what does a nurse anesthetist do

What does a Nurse Anesthetist do?

A nurse anesthetist is an advanced-practice nurse who deals with anesthetics. A nurse anesthetic is commonly certified in anesthesia. A certified registered nurse anesthetist (CRNA) is a significant member of the health care team. A certified registered nurse anesthetist is different from an anesthesiologist. While certified registered nurse anesthetists are graduate degree-level nurses, anesthesiologists are medical doctors.

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How to Become a Nurse Anesthetist

what does a nurse anesthetist do

To get certified as a nurse anesthetic, you must first become a registered nurse. To become a registered nurse, You need to earn a bachelor’s degree in nursing then must pass the exam specified by your state nursing board, or state regulatory agency to be able to obtain your RN license. Next, you must gain two-three years of experience in nursing particularly in a critical healthcare environment, such as in an intensive care unit of a hospital or a surgical intensive care unit.

Next, you’ll need to earn a master’s degree in nurse anesthesia. You will be taught about types of equipment used in administering anesthesia and management in the classroom and also gain clinical practice experience. During the first part of your program, you will take courses in physiology, pain management, pharmacology, and anesthesia for different medical specialties. The last part of your program would be focused on helping you get clinical experience under the guidance and surveillance of a medical doctor.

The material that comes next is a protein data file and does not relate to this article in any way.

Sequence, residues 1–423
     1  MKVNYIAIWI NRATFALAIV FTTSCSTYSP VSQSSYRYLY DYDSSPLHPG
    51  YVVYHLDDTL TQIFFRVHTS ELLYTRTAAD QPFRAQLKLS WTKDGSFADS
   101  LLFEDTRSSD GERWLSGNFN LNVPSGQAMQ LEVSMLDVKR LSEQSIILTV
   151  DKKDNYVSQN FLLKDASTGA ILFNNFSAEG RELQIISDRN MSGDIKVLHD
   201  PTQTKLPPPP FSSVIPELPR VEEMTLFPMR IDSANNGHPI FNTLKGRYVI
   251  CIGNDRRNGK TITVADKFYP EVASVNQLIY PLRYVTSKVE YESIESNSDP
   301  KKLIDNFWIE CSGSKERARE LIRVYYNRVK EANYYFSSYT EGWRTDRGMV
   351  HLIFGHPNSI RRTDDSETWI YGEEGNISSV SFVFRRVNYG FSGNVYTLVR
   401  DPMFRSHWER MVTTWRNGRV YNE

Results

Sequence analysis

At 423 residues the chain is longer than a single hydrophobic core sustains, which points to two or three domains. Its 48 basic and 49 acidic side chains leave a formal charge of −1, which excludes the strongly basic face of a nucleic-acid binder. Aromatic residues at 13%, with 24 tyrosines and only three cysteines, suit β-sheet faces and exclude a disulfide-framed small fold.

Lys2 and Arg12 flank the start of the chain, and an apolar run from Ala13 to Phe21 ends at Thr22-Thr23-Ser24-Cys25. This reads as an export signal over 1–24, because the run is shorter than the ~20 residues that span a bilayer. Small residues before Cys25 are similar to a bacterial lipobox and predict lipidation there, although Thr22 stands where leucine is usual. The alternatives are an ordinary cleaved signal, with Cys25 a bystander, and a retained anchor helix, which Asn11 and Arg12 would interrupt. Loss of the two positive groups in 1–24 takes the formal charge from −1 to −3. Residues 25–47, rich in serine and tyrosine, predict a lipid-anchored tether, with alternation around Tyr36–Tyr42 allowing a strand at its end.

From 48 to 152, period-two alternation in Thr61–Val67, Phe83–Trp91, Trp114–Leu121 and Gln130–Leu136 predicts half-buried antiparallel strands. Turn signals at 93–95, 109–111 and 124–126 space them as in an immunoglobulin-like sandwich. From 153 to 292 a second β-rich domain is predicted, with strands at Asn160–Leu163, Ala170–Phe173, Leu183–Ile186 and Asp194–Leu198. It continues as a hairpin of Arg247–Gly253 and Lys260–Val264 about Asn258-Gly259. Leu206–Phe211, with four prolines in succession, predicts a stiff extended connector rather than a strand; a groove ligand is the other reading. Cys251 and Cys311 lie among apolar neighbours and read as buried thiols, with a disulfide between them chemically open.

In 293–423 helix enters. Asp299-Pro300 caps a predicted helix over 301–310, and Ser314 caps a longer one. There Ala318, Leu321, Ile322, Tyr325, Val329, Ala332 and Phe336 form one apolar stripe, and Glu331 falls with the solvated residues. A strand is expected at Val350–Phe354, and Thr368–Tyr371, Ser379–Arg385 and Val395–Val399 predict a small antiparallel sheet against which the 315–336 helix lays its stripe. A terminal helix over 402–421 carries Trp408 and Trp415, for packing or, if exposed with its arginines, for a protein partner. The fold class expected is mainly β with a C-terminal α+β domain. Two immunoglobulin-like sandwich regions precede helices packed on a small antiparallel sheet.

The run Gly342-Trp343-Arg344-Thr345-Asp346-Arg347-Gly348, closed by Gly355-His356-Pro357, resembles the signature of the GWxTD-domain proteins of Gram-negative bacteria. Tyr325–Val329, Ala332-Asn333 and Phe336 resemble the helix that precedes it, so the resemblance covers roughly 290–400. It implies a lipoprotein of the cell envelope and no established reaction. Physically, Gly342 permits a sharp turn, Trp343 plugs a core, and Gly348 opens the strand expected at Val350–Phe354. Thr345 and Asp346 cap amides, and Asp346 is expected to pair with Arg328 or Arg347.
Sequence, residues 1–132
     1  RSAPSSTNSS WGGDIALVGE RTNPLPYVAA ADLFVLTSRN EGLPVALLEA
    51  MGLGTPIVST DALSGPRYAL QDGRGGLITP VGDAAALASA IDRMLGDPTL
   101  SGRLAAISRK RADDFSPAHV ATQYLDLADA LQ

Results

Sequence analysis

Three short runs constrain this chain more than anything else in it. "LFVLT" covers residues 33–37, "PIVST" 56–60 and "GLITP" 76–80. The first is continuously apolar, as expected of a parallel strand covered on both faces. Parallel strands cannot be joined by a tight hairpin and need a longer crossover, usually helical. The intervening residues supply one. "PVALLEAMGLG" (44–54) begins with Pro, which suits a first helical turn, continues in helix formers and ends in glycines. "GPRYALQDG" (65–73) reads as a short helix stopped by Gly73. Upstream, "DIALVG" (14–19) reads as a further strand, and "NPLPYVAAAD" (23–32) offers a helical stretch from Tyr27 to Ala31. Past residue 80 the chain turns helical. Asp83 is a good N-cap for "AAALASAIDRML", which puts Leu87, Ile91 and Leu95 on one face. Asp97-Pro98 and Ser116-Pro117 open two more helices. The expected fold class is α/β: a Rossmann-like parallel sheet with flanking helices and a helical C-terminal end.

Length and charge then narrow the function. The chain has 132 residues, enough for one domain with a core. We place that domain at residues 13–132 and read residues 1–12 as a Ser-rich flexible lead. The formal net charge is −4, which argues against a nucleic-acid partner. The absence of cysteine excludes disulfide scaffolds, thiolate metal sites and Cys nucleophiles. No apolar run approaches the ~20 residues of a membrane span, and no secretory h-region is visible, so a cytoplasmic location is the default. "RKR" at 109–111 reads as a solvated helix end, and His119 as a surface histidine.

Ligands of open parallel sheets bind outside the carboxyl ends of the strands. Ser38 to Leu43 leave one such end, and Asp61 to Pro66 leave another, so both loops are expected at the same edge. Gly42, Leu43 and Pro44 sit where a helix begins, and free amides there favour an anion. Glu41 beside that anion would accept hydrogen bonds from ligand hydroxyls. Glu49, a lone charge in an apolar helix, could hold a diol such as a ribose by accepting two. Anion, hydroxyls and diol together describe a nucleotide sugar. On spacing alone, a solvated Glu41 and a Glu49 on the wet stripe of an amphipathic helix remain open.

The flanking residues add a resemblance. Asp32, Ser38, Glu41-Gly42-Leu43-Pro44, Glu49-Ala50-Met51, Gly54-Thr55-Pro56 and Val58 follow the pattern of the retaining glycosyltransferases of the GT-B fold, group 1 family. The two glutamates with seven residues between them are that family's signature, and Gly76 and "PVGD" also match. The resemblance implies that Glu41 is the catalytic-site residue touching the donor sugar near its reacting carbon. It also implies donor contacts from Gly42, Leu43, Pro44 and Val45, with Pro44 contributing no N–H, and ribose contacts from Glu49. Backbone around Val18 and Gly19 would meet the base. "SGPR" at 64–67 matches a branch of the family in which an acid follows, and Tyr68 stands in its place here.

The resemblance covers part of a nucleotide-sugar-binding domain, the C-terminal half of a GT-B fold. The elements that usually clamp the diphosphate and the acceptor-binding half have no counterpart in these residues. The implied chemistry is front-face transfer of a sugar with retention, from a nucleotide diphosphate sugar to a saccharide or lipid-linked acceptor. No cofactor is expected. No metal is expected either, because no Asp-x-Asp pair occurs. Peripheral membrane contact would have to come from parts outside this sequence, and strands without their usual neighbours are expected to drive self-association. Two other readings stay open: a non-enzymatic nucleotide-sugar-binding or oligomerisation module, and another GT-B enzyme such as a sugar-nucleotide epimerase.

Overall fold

When you have graduated with a master’s degree, you’ll be eligible to take the CRNA exam. The exam and certification is organized and provided by the National Board of Certification and Recertification for Nurse Anesthetists. You will also be required to get a valid RN license and you cannot be suffering from any physical, mental health, or drug or alcohol issues.

Nurses who are anticipating being nurse anesthetists must value self-sufficiency and independence. They must be compassionate, empathetic and humble because while working as CRNAs, they would work as both compassionate care-givers and technical experts. They must also be able to carry out multiple tasks at the same time and pay close attention to detail. As a nurse anesthetist, you must be able to work under pressure in a stressful environment. You should be able to collaborate with various personality types in your work environment and adaptable to be able to prioritize tasks.

Job Description of a Nurse Anesthetist

Nurse anesthetists are a higher level of practicing registered nurses who help patients to manage pain prior to and during the period of surgical operations. They also help patients to manage pain caused by injuries and in pain management during the time a woman is in labor through the provision of an epidural. Their work is mainly in high-stress situations due to the fact that the majority of patients they attend to are in pain.